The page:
It should have been easy – an outdoor swimming party at a community swimming pool and pavilion. The menu was to be Rebecca’s favorite foods – nothing fancy or complex – grilled hotdogs, hamburgers, lots of fruit and baby carrots with various dips, potato chips of three varieties, and kettle corn. We were washing it down with real homemade lemonade.
The piece de resistance was to be Rachel’s decadent chocolate cake with cream cheese icing, beautifully decorated with piped-on spring flowers. I refused to carry the cakes, as I’m such a klutz. I would have beaten myself if I destroyed Rachel’s many hours of effort.
Rachel and the grandgirls had done all the shopping and prep work. I was recruited to make sure that all of the ingredients and the birthday girl got the pavilion set up in time, since Rachel had to be at post-planning in the school where she teaches third grade, and it was a regular work day for Larry.
We loaded the van from ceiling to running boards. Rebecca and her buddy Caitlin had party stuff under their feet and in their laps, but we got everything in – even the cake, which Rebecca was brave enough ( and strong enough, as it weighed about twenty pounds) to carry. Oh, how proud we were to arrive at the park with almost two hours leeway for a leisurely set-up.
The first thing Rebecca noticed was that the pool wasn’t open. Being a Pollyanna, I commented that they probably just hadn’t opened yet because her party was still two hours away. We parked and began set-up as I pondered on the predicament. I remembered that I had seen a reservations phone number on the pool fence, so we placed a call. We got an automated answer reassuring us that we would be helped as soon as the message was relayed, but without specifying how long that could take.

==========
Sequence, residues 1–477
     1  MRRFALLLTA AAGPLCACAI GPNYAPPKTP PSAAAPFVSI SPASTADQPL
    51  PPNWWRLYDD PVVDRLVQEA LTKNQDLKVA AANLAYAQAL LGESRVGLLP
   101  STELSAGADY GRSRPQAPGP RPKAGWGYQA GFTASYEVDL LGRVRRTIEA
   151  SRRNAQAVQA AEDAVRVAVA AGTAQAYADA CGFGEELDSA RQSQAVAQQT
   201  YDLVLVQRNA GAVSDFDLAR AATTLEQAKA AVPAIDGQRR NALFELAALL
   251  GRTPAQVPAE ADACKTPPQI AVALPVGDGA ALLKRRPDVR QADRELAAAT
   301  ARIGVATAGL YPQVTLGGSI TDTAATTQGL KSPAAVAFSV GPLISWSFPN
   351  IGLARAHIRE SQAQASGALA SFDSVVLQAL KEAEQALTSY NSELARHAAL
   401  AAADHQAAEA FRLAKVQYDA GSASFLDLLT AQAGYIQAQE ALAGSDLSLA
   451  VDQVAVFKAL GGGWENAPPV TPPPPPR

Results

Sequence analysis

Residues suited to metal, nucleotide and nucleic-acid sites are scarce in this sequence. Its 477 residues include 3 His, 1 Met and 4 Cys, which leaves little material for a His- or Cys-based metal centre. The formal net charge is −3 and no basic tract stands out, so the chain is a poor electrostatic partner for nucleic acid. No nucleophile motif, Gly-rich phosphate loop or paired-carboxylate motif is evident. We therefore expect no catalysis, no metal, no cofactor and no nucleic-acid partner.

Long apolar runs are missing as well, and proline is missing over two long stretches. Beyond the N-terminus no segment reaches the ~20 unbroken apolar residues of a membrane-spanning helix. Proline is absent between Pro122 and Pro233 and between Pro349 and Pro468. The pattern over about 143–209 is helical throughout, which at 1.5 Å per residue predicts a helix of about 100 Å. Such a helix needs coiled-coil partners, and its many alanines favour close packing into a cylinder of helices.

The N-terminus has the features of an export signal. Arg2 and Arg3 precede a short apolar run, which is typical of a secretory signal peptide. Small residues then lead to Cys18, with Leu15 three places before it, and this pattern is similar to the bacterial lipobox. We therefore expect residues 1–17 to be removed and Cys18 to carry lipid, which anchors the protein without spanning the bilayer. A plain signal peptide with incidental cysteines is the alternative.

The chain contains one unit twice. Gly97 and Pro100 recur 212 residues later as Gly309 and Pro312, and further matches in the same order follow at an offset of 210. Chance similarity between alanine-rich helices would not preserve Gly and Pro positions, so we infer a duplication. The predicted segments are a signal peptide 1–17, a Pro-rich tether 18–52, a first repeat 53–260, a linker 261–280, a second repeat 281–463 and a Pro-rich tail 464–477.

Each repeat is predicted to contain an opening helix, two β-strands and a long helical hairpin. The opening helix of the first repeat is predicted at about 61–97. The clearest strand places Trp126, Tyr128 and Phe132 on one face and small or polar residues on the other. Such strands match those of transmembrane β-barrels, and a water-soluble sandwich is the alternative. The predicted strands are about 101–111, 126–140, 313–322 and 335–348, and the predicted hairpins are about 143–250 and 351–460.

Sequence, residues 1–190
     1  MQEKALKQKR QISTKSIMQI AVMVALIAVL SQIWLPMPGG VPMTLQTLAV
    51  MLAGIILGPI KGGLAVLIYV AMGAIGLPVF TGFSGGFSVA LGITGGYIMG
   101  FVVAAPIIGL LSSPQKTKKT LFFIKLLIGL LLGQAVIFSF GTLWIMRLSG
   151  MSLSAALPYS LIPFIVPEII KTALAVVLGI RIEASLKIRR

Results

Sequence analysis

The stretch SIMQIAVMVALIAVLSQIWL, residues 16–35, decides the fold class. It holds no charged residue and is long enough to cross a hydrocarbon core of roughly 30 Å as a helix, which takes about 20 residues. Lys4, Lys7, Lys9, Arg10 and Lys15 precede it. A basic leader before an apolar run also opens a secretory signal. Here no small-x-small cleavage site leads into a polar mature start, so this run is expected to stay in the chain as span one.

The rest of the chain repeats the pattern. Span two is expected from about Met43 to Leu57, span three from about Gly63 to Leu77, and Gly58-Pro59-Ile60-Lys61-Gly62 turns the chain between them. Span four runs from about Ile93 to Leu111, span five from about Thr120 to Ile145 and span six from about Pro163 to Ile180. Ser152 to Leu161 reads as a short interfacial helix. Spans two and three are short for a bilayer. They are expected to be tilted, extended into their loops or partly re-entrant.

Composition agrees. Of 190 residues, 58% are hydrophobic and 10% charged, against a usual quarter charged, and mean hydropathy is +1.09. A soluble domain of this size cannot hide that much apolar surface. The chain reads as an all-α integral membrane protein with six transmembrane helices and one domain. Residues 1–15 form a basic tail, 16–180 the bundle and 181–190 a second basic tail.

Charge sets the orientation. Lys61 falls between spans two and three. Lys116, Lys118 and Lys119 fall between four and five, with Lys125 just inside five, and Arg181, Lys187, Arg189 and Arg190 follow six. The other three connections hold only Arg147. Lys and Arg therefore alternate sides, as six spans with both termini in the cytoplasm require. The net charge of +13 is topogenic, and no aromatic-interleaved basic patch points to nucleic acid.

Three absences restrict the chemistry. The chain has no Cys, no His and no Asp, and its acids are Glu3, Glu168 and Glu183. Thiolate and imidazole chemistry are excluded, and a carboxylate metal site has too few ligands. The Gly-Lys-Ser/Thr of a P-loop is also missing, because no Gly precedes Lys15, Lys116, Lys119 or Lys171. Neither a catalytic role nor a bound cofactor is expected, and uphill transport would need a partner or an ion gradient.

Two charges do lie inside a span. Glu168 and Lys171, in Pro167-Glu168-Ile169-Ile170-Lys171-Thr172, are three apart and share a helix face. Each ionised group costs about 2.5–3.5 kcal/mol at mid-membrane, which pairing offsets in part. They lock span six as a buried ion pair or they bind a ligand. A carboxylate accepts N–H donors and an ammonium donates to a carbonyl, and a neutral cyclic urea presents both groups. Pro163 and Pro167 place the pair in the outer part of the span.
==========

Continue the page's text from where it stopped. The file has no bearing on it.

I spied a guy cutting grass who went into the pool enclosure to perform some task. I sent the girls to ask him about the pool problem while I continued to take stuff out of the van. Next thing I knew, Rebecca came flying through on the verge of tears. “There’s no sense setting up. The pool isn’t open today,” she said as she ran off with her phone.
As soon as Rachel got free from work, she called me for our status. I assumed that the first call Rebecca made would have been to her mother, but Rachel obviously didn’t know that anything was amiss. It fell to me to tell her that all her hard work to plan the perfect party was imploding. A swimming party without a pool didn’t seem too appealing. Fifty people had said they were coming, so Rachel and I agreed that the show had to go on. With a catch in my throat and tears in my eyes, I continued putting what was left of the party together.
I was down to the last bag of ice coming out of the van when Rachel called back. “Pack up. We’re moving the party to another pool,” she declared.
The girls wandered over with mobile phones in hand. It was their job to text the new location to all fifty party people. With their thumbs flying, they texted the news in no time. Rachel and Sarah arrived to help with the reloading. (This time, Rachel had custody of the cake.)
What a wonderful time we proceeded to have, with swimming, dancing, volleyball, badminton, Jai Lai, and even a bit of soccer as the sun set over what turned out to be a perfect party.